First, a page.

ZashPay User Impressions

While attending Fiserv Analyst Day 2010 on Thursday last week, I unwarily volunteered to participate in a live demo as part of a presentation of Fiserv’s digital channels solutions. This was a bit risky since at the time, I had been an iPhone user all of twelve hours. Fiserv launched ZashPay in July 2010 and has commitments from over 400 FIs. It’s off to a very good start. After announcing my name and cell number to the entire crowd, I received a text message from ZashPay in seconds indicating “Steve Olson sent $25.00” and included a unique transaction identification number. Steve is Group President of Fiserv’s Digital Payments Group and was assisting with the demo. Taking all of about 10 seconds to receive the text, the demo seemed successful enough and for $25.00 it was an equitable transaction considering my risk of embarrassment. Then, I began thinking about how clearing and settlement would occur. The following day (Friday) I reviewed the message and visited the ZashPay website to see about making Steve good for his $25.00 promise. The website was simple and intuitive, with an obvious invitation to enter a unique transaction code provided within the SMS in order to receive payment. zashpay As expected, I was required to enroll in ZashPay in order to process the payment, since my primary depository financial institution does not offer the product. It took a strong stomach to enter such sensitive information as my social security number, birth date and address all in one place. This would likely dissuade some consumers from using ZashPay apart from being offered by their financial institution. Steve’s payment was credited to my DDA two business days later. Since I took action on a Friday, payment was not received until the following Tuesday. As a receiver of ZashPay payments, the experience was straightforward and did not carry a fee. I appreciated the immediacy of the SMS notification compared to PayPal which notifies using e-mail. If my primary financial institution offered it as part of its mobile banking suite, I’d be a regular user since I carry little cash and leave my check book at home. But sending carries a fee – 75 cents per transaction goes to ZashPay, plus whatever the ODFI charges for the ACH transaction. So, maybe I’ll keep sending money using PayPal.

P2P Going the Bill Pay Way (Well, Someday…)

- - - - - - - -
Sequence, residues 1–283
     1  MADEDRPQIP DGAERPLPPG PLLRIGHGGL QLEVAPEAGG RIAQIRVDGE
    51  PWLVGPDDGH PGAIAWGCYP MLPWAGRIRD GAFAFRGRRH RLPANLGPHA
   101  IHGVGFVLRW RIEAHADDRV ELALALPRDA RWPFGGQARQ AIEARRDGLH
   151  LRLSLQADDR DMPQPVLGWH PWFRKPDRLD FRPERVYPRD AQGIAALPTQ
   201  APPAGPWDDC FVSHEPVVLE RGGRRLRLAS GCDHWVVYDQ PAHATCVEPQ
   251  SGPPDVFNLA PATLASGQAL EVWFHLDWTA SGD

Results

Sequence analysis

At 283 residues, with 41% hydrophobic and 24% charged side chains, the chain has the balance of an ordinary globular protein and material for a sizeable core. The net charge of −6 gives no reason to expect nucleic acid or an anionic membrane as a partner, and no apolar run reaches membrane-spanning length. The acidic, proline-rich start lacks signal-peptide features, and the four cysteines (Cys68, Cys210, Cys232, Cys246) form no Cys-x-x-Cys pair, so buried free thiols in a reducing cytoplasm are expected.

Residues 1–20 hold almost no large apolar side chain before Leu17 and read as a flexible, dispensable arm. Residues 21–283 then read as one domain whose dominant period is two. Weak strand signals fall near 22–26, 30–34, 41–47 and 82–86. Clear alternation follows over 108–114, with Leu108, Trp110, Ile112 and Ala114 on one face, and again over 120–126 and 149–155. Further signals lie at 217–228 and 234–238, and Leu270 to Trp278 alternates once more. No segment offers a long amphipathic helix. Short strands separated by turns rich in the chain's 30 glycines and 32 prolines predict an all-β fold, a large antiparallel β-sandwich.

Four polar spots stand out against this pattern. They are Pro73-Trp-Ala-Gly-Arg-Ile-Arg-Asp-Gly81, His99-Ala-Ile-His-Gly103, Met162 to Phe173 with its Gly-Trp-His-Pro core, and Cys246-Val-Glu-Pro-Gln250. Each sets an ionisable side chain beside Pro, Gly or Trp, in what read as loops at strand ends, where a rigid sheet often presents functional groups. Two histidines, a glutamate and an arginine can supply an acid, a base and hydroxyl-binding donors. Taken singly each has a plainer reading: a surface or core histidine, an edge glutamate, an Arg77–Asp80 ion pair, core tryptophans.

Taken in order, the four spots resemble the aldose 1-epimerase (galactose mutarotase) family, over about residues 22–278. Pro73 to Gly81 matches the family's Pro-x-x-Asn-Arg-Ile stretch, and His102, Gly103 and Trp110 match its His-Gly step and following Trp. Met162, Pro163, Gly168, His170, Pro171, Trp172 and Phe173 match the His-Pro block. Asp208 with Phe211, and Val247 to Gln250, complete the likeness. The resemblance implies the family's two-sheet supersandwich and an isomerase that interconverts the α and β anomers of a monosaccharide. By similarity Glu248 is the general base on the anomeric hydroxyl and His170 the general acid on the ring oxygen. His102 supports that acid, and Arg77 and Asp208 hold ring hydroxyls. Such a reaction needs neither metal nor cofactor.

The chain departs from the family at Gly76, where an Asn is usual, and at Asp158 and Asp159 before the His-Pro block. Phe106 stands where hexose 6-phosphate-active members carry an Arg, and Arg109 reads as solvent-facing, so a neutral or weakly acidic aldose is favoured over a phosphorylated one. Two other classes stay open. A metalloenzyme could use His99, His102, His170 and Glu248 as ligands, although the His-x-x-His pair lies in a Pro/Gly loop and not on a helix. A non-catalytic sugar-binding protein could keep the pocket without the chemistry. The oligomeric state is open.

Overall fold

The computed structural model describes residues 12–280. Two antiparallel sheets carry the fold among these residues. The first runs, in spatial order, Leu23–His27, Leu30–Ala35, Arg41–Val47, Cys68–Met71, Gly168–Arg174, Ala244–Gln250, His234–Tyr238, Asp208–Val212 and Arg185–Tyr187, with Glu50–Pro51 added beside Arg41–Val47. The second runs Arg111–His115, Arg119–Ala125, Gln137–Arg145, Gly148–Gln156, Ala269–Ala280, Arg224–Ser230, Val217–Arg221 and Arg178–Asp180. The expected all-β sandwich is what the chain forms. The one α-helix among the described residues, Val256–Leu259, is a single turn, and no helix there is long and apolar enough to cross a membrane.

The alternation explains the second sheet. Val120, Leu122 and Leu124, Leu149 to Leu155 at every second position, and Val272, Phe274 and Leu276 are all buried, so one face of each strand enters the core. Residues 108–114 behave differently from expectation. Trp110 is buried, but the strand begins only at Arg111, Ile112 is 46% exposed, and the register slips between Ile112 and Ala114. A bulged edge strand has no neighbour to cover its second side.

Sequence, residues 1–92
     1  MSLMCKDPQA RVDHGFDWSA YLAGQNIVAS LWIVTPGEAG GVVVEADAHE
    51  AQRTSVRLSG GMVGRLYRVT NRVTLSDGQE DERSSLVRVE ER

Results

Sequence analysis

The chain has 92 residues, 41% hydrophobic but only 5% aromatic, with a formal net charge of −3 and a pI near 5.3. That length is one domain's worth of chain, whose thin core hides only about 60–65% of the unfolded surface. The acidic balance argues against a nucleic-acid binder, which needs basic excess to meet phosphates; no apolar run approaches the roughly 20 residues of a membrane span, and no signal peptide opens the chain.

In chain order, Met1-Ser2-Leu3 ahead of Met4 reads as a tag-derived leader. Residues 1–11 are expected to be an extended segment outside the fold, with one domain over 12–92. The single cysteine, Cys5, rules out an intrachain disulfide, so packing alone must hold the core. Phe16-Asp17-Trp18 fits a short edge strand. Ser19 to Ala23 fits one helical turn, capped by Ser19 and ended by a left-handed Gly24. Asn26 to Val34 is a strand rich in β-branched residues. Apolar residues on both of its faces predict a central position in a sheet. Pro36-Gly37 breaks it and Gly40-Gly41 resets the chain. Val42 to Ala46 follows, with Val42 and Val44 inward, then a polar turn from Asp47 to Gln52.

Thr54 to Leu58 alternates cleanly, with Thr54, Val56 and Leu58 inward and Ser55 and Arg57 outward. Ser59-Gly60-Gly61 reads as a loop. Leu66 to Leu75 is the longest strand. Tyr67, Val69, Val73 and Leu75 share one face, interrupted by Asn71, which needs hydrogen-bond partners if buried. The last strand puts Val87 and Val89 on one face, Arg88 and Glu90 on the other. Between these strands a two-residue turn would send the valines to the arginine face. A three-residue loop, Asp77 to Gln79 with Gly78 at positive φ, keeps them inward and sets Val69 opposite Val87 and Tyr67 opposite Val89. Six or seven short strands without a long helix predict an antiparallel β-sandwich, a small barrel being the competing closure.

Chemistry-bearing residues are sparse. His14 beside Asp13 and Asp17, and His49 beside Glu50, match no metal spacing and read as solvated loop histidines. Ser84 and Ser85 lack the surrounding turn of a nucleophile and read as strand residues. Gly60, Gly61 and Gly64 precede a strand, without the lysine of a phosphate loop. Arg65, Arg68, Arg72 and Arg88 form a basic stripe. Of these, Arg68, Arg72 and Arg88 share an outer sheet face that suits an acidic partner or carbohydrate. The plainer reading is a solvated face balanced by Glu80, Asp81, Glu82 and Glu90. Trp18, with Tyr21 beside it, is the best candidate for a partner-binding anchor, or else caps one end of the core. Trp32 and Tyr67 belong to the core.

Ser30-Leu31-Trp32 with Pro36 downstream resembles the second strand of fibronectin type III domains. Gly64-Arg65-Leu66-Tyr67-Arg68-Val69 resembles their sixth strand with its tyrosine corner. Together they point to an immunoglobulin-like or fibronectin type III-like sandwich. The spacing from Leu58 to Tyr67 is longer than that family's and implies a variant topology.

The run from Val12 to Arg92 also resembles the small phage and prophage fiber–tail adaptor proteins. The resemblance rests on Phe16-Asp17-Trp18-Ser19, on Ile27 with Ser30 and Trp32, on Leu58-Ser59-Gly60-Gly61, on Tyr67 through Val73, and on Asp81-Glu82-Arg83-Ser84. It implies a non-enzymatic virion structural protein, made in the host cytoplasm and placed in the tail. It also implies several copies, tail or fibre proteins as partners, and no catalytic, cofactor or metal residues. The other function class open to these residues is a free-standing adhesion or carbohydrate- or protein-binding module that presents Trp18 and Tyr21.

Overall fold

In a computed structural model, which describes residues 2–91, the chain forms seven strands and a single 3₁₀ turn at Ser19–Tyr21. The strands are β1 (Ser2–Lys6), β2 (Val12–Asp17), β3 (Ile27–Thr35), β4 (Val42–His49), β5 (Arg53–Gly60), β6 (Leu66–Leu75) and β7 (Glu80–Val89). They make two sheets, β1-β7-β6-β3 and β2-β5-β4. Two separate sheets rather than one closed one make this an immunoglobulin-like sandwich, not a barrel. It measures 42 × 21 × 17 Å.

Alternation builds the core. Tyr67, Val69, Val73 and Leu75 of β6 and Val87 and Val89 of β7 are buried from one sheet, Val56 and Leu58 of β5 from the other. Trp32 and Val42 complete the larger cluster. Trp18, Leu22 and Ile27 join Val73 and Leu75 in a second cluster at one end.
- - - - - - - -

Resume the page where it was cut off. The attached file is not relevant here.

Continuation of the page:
Following Jacob Jegher’s recent post, I’d like to add some observations from the BAI conference, regarding P2P. This functionality, which has been talked about for years, is usually portrayed in “social” or “casual” P2P context (as American Banker puts it, the “let’s split the dinner bill” crowd). Usage has been low, partially due to consumers’ lack of awareness or of use case understanding. In fear of oversimplifying, there are a couple of systematic reasons for low usage too — the lack of a seamless network effect (i.e., anyone can send money to anyone, without registration processes), and the lack of a direct bank-to-bank (i.e., no intermediary) transfer capability. Among the rash of P2P announcements, there appears to be 3 distinct models adopted by tech vendors to overcome these systematic barriers. The first is a bottom-up model, creating a network among bank clients — Fiserv and CashEdge/Firethorn fall in this category. Another model is to help banks interface with PayPal, but without registration and intermediary requirements for P2P senders — FIS and S1 appear to be taking this route. The final model is to leverage the payment brands’ networks to move money directly between banks — Obopay tried a version of this with MasterCard and ClairMail is in now in a position to support Visa’s future efforts. It will take a while before we find out which model will win, or if there will be multiple models at the same time. A deciding factor will be the tricky (and expensive) matter of raising consumers’ awareness and understanding of use cases. Because of this, bank-agnostic large brands (e.g., MasterCard, PayPal, Visa) with healthy marketing budgets will be in the best position to to move the market. The question is how much they’re willing to do so — as consumers are extremely sensitive to pricing, it’s not clear how much revenue P2P holds for industry players (especially in comparison to traditional merchant markets). The recent wave of press releases may provide a hint of the future revenue opportunity and consequential marketing efforts. There was scant mention of consumer pricing in the releases, as most tech players will leave this up to the banks. This sounds to me like a recipe for fees initially being charged, but with eventual migration to near $0 pricing (“customer retention” being the argument to offset banks’ costs…). Hmmm, on-line bill pay redux?